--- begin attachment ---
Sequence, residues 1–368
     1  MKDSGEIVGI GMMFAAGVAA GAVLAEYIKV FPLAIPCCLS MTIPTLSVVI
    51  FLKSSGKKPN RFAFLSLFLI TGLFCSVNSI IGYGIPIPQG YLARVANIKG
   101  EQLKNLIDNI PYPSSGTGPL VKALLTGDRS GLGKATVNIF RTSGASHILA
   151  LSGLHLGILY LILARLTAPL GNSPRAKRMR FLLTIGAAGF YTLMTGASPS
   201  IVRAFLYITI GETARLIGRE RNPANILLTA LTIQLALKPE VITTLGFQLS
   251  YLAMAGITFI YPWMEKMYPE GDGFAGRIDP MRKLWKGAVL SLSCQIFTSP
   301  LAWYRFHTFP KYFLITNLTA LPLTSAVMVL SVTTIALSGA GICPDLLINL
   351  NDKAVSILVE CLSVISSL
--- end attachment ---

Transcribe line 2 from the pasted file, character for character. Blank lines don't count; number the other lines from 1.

     1  MKDSGEIVGI GMMFAAGVAA GAVLAEYIKV FPLAIPCCLS MTIPTLSVVI